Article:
McCain wants USADA to Test Major Sports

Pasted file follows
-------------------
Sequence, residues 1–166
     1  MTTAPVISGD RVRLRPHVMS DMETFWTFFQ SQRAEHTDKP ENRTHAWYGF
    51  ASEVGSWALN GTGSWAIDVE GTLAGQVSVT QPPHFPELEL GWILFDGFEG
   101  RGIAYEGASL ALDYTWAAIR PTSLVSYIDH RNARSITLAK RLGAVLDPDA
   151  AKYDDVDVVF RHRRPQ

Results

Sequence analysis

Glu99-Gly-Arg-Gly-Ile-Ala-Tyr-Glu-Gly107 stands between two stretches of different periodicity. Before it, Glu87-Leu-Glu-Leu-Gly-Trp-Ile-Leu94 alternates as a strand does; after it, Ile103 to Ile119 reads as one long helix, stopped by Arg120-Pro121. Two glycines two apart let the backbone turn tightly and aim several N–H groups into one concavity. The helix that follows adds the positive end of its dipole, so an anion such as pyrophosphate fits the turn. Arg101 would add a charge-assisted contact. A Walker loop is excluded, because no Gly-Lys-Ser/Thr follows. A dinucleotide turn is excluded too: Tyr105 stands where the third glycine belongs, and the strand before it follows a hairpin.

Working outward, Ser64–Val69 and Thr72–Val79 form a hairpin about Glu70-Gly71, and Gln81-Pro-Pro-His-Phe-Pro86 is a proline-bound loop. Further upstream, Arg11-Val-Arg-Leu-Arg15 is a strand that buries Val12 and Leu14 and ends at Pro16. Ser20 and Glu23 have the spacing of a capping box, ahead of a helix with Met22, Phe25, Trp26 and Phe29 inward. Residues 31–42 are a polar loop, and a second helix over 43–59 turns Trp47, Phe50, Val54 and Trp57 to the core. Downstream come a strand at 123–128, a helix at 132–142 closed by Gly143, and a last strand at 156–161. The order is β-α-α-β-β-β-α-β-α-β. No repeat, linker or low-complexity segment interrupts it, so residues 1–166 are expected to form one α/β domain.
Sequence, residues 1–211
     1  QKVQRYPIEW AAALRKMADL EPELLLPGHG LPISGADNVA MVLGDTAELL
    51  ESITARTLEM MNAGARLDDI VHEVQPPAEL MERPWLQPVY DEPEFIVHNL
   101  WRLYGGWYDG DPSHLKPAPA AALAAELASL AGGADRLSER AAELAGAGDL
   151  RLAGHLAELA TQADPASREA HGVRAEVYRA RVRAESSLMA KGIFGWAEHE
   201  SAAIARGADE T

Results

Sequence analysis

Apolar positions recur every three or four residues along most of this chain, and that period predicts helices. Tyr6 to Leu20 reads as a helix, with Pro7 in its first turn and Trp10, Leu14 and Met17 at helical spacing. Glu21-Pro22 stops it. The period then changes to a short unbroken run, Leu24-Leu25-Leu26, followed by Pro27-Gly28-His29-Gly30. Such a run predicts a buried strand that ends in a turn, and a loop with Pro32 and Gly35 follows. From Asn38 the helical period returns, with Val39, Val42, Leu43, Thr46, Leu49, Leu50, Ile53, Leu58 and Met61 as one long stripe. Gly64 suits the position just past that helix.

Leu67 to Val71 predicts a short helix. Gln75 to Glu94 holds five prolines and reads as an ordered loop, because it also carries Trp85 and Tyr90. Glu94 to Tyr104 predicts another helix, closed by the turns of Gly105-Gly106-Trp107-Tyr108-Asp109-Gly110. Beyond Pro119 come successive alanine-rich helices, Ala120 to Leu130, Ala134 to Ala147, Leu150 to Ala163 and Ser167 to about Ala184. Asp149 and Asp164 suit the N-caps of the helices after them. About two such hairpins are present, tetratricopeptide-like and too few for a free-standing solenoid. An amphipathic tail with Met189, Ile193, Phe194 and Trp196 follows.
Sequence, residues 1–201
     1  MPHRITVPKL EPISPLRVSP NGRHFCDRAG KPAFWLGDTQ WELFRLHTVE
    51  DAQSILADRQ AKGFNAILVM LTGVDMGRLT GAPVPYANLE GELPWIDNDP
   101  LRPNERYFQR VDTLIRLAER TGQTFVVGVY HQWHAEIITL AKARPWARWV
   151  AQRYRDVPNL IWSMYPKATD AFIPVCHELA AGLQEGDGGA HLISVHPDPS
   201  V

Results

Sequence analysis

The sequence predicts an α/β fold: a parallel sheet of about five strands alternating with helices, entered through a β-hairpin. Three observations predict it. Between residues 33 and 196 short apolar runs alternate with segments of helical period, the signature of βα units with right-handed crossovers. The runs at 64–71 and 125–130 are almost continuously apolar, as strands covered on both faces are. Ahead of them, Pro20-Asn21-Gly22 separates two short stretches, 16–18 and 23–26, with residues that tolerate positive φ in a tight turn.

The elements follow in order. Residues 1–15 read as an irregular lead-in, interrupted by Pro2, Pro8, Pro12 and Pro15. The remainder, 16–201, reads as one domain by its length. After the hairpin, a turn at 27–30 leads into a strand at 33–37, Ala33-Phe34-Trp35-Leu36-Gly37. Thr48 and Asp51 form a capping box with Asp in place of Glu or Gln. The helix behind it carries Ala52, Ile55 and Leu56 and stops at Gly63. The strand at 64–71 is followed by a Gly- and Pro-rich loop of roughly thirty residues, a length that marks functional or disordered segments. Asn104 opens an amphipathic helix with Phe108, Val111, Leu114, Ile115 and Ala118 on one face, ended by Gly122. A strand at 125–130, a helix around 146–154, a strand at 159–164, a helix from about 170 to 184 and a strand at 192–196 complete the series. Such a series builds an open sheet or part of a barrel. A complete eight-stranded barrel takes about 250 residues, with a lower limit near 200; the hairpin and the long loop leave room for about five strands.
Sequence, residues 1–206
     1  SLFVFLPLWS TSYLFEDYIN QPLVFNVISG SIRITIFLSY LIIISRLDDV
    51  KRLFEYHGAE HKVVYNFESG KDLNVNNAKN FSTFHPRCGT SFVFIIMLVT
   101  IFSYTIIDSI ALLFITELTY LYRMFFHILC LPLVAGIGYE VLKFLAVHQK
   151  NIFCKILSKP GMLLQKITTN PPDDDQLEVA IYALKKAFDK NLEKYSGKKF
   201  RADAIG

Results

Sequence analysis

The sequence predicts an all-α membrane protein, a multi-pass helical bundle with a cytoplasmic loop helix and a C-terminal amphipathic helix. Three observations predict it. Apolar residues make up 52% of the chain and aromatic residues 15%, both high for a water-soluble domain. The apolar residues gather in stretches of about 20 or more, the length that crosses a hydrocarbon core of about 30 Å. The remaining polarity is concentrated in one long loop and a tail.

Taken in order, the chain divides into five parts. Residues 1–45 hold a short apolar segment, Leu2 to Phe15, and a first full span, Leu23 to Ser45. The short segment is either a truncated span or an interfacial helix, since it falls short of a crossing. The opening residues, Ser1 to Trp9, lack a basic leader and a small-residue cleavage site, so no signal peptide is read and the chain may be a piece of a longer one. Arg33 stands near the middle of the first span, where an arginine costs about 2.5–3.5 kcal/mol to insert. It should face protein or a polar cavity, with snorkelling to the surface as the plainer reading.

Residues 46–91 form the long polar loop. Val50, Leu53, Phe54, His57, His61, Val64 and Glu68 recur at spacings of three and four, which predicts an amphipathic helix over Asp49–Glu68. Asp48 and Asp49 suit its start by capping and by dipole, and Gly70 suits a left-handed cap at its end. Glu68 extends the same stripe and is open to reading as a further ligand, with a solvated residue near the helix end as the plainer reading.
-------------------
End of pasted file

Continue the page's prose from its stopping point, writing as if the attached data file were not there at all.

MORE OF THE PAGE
Sen. John McCain (R-Ariz.) joined Reps. Tom Davis (R-Va.), chairman of the House Government Reform Committee, and the ranking Democrat, Henry Waxman (Calif.), yesterday afternoon to introduce legislation to establish uniform steroid policies for professional sports. The legislation, called the “Clean Sports Act of 2005” (S. 1114), sets minimum penalties of a two-year ban for the first violation and a lifetime ban for the second, the same as Olympic standards. It also permits the director of the Office of National Drug Control Policy to require additional professional sports leagues and/or NCAA Division I or II sports to comply with the legislation. McCain wants the U.S. Anti-Doping Agency (USADA) to administer drug testing for the four major professional sports — the NFL, Major League Baseball, the NBA and NHL. The federal government provides nearly 65 percent of USADA’s funding, $7.4 million last year. Don Catlin, MD, director of the UCLA Olympic Analytical Laboratory, testified to McCain that more funding for testing and laboratory research will be required to stay ahead of cheating athletes. The new bill would allot nearly $52 million of taxpayer dollars over the next five years for research, education, testing and adjudication. Not everyone supports the massive increase in funding. Online sports writer Jeff Gordon of the St. Louis Post-Dispatch said that “if Congress decides to spend taxpayer dollars on testing our professional athletes for drugs, well, now, that’s just more useless grandstanding by politicians who should know better.”